8. Couldn't find anything. At best, an internal link to Taiwanese war. Then read Taiwan war goes nuclear Chinese growth prevents global economic collapse, war over Taiwan and CCP collapse Lewis '08 [Research Director of the Economic Research Council, 2008, “Industry will put innovation on fast track,†World Finance, May 13th, Available Online at http://www.worldfinance.com/home/final-bell/the-nightmare-of-a-chinese-economic-collapse] In 2001, Gordon Chang authored a global bestseller "The Coming Collapse of China." To suggest that the world’s largest nation of 1.3 billion people is on the brink of collapse is understandably for many, a deeply unnerving theme. And many seasoned “China Hands†rejected Chang’s thesis outright. In a very real sense, they were of course right. China’s expansion has continued over the last six years without a hitch. After notching up a staggering 10.7 percent growth last year, it is now the 4th largest economy in the world with a nominal GDP of $2.68trn. Yet there are two Chinas that concern us here; the 800 million who live in the cities, coastal and southern regions and the 500 million who live in the countryside and are mainly engaged in agriculture. The latter – which we in the West hear very little about – are still very poor and much less happy. Their poverty and misery do not necessarily spell an impending cataclysm – after all, that is how they have always have been. But it does illustrate the inequity of Chinese monetary policy. For many years, the Chinese yen has been held at an artificially low value to boost manufacturing exports. This has clearly worked for one side of the economy, but not for the purchasing power of consumers and the rural poor, some of who are getting even poorer. The central reason for this has been the inability of Chinese monetary policy to adequately support both Chinas. Meanwhile, rural unrest in China is on the rise – fuelled not only by an accelerating income gap with the coastal cities, but by an oft-reported appropriation of their land for little or no compensation by the state. According to Professor David B. Smith, one of the City’s most accurate and respected economists in recent years, potentially far more serious though is the impact that Chinese monetary policy could have on many Western nations such as the UK. Quite simply, China’s undervalued currency has enabled Western governments to maintain artificially strong currencies, reduce inflation and keep interest rates lower than they might otherwise be. We should therefore be very worried about how vulnerable Western economic growth is to an upward revaluation of the Chinese yuan. Should that revaluation happen to appease China’s rural poor, at a stroke, the dollar, sterling and the euro would quickly depreciate, rates in those currencies would have to rise substantially and the yield on government bonds would follow suit. This would add greatly to the debt servicing cost of budget deficits in the USA, the UK and much of euro land. A reduction in demand for imported Chinese goods would quickly entail a decline in China’s economic growth rate. That is alarming. It has been calculated that to keep China’s society stable – ie to manage the transition from a rural to an urban society without devastating unemployment - the minimum growth rate is 7.2 percent. Anything less than that and unemployment will rise and the massive shift in population from the country to the cities becomes unsustainable. This is when real discontent with communist party rule becomes vocal and hard to ignore. It doesn’t end there. That will at best bring a global recession. The crucial point is that communist authoritarian states have at least had some success in keeping a lid on ethnic tensions – so far. But when multi-ethnic communist countries fall apart from economic stress and the implosion of central power, history suggests that they don’t become successful democracies overnight. Far from it. There’s a very real chance that China might go the way of Yugoloslavia or the Soviet Union – chaos, civil unrest and internecine war. In the very worst case scenario, a Chinese government might seek to maintain national cohesion by going to war with Taiwan – whom America is pledged to defend.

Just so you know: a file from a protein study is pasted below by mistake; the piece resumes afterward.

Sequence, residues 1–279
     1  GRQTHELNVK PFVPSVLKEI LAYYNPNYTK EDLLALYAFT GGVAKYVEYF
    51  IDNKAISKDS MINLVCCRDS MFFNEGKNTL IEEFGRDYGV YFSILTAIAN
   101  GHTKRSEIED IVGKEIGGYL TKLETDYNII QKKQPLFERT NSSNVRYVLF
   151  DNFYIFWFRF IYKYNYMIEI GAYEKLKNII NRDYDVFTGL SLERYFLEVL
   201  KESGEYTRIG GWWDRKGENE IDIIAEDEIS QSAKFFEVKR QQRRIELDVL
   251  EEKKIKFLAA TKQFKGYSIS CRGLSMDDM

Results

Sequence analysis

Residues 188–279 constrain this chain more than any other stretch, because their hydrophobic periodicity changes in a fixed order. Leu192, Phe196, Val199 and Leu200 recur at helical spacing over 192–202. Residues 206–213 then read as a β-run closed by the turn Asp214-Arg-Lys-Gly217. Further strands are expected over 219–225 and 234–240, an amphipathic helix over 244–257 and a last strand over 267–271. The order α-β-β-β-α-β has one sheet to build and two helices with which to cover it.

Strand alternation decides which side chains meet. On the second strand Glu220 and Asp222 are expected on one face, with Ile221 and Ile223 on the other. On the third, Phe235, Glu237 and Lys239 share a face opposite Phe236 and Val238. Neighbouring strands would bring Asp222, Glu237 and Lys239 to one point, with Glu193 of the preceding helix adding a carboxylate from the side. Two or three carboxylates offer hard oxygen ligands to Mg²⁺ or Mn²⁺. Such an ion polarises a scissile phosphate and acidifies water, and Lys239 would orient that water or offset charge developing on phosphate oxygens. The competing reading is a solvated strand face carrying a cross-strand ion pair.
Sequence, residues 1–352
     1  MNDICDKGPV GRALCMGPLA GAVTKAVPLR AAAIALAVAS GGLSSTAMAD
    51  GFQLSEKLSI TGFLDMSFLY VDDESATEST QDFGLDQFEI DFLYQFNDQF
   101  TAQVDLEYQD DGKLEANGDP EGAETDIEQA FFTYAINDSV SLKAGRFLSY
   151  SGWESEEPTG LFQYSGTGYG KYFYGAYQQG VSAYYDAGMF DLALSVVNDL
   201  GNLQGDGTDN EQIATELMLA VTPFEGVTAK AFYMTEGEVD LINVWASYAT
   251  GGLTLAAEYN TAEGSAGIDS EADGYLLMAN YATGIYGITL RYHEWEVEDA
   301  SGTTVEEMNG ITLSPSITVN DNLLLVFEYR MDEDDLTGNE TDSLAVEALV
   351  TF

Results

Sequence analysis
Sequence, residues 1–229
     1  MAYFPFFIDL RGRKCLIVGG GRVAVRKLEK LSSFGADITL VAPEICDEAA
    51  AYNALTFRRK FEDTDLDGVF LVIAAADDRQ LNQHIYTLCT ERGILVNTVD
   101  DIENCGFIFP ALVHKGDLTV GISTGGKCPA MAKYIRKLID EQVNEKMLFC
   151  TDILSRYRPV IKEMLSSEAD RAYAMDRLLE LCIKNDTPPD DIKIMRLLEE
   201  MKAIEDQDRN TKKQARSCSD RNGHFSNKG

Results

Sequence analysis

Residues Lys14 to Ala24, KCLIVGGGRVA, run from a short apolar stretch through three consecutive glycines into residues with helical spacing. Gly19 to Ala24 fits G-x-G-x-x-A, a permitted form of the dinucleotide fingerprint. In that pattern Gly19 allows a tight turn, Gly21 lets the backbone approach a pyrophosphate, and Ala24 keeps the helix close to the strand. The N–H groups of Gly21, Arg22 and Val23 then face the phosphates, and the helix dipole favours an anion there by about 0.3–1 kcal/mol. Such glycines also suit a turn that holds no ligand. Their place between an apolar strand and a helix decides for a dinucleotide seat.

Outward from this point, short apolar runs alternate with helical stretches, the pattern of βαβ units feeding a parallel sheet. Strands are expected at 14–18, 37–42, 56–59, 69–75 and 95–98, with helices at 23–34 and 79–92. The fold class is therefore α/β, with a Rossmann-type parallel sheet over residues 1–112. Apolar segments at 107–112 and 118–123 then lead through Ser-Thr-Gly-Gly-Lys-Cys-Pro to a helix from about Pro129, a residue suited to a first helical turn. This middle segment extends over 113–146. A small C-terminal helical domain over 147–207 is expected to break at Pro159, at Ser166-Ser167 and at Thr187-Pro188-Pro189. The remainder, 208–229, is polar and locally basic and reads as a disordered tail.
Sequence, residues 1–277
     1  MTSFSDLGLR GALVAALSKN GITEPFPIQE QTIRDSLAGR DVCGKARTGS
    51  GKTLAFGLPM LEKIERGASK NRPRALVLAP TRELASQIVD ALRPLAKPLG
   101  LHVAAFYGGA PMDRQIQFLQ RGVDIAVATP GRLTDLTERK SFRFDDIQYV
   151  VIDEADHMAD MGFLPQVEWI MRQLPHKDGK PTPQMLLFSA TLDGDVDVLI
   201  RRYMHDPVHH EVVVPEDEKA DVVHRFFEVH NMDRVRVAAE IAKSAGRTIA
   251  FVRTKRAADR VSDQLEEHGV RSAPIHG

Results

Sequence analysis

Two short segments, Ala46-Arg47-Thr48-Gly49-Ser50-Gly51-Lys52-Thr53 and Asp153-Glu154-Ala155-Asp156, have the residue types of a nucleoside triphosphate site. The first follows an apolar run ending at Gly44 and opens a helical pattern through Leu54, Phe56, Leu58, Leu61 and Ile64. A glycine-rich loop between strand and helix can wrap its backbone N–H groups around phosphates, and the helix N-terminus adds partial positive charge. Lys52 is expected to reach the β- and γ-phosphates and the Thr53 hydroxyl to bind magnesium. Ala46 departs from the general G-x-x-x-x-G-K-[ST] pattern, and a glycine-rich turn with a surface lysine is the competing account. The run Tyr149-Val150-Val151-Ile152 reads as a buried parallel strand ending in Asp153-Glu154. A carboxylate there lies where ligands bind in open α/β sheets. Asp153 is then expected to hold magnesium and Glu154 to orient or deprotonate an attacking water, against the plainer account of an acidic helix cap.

9. Pan2k4